In cases where the sexually violent predators are still on parole or probation, Pelle said there are ways to monitor their movement and their behavior. But for sexually violent predators who move in to the county not currently serving out a sentence — as Whitfield was — Pelle said there is not much law enforcement can do aside from make sure they keep up their registration and send out the necessary bulletins.

“The bottom line is they’ve been through this system, they’ve been through prison or parole, and there’s not a way to prevent them from coming back into the community,” Pelle said. “The best we can do is raise community awareness.”

Pelle also said a challenge of keeping track of some sexually violent predators is that many can’t find housing and jobs due to their status. Because of this, many register as either transient or list vehicles as an address, as Whitfield did with his van.”

“When they’re homeless or living out of a car, they are even more difficult for us to keep track of,” Pelle said. “It’s a double-edged sword.”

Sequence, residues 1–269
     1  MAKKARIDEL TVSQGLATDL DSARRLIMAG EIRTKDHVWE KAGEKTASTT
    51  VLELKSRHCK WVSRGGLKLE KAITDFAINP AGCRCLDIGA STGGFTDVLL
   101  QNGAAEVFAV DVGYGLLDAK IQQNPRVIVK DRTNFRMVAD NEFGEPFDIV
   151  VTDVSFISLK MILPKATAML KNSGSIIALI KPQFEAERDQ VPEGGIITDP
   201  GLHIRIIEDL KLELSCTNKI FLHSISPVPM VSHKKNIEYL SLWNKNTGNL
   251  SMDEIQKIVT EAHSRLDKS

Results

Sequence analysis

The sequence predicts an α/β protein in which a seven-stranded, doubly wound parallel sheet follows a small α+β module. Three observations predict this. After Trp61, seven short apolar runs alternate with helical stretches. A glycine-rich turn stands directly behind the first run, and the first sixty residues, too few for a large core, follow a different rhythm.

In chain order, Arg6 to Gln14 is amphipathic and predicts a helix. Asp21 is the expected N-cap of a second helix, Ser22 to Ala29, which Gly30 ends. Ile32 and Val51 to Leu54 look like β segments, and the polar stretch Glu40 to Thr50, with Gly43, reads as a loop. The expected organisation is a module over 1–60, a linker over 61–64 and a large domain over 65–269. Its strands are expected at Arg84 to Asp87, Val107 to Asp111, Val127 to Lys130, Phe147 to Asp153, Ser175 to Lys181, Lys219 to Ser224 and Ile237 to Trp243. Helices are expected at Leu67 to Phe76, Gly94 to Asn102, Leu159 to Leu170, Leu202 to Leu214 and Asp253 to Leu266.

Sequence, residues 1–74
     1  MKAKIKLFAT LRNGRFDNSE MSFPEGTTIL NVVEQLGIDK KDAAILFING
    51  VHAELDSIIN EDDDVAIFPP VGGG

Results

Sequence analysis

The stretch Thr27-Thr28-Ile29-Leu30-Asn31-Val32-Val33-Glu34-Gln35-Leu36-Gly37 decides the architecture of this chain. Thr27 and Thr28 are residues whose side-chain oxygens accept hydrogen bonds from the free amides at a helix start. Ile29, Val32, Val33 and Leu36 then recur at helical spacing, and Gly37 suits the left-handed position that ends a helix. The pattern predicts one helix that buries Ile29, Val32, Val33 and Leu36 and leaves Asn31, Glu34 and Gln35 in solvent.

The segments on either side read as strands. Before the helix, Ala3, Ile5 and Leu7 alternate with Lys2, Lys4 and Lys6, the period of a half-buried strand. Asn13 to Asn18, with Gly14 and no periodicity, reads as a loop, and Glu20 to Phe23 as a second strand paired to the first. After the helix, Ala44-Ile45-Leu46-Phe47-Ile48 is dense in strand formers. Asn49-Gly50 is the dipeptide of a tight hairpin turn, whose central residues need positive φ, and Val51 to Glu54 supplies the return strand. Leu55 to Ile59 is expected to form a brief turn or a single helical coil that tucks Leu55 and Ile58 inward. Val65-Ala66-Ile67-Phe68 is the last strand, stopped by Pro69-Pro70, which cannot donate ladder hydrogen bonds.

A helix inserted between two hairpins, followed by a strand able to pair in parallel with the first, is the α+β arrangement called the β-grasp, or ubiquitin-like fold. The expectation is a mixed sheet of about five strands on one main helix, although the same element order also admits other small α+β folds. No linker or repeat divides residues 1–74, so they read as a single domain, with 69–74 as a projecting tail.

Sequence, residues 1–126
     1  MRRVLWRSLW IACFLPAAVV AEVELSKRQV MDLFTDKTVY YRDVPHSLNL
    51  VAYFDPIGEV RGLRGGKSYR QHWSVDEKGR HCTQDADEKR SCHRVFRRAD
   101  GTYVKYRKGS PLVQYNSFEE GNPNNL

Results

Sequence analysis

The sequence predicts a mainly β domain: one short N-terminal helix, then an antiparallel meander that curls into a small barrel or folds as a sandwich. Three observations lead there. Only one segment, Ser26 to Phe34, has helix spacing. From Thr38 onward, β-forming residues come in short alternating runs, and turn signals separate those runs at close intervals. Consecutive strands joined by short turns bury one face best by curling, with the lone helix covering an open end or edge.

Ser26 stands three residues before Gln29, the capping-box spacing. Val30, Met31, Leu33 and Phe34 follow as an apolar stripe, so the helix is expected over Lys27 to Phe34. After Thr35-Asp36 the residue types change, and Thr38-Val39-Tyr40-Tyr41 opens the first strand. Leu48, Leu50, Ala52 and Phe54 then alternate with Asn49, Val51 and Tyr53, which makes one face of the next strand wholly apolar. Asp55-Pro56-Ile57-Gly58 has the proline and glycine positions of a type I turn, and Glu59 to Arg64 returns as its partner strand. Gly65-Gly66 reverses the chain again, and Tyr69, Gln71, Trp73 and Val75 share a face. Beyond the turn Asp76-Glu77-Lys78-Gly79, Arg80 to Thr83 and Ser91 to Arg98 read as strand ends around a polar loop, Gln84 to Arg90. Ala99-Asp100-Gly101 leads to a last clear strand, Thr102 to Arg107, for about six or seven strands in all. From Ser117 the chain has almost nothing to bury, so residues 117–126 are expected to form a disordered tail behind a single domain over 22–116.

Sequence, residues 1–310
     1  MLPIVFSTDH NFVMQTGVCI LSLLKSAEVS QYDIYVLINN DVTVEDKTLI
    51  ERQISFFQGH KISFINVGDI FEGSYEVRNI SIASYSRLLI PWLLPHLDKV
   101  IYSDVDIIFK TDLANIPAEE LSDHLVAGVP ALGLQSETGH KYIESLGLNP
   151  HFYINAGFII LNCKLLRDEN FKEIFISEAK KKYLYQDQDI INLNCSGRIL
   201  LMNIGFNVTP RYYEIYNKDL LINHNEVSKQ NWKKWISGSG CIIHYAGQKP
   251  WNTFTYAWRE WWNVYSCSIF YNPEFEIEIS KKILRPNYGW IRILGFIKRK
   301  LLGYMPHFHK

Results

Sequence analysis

Garnett said the laws need to allow sex offenders the chance to rehabilitate while also trying to keep the community safe.

“It’s a difficult situation,” Garnett said. “We have to balance the need for people to rehabilitate and to integrate back into the community with the obligation that everybody in law enforcement has to protect the community, particularly from someone as dangerous as a sex offender.” 

Kerry Whitfield

Most recent news on Kerry Whitfield is from this past January: Boulder ‘sexually violent predator’ Kerry Whitfield released from custody from the Daily Camera.

What do you suppose would happen if Mr. Whitfield showed up on the doorstep of BSH today, wanting to apply for the 90-day Summer Bed Program or the First Step / Transition Program? I can fearlessly predict that he would be welcomed — per the twisted leadership of executive director Greg Harms. BTW, the folks running other homeless shelters across America also do NOT agree with accepting registered sex offenders into their facilities; are we to believe what Mr. Harms implies, that only he is right and everyone else is wrong?

What’s the real reason for providing parole beds to perverts, anyway? See this DC report: Colorado paying $280 a week for ‘sexually violent predator’ to live at Boulder homeless shelter. Strange, but Greg Harms forgot to mention the $$$ in his commentary . . . Compare that $280 to the going rate of $25 per week paid by other program residents (who can do extra chores and have that modest fee waived altogether).

Because he’s now off parole, Colorado DOC would not pay for Kerry Whitfield to again stay at the [Harms Hotel], but the executive director is so full of himself he probably still believes he can help to “rehabilitate” these characters. Most rational people would disagree:

Maybe it’s time for folks in the neighborhood to take a more militant stance!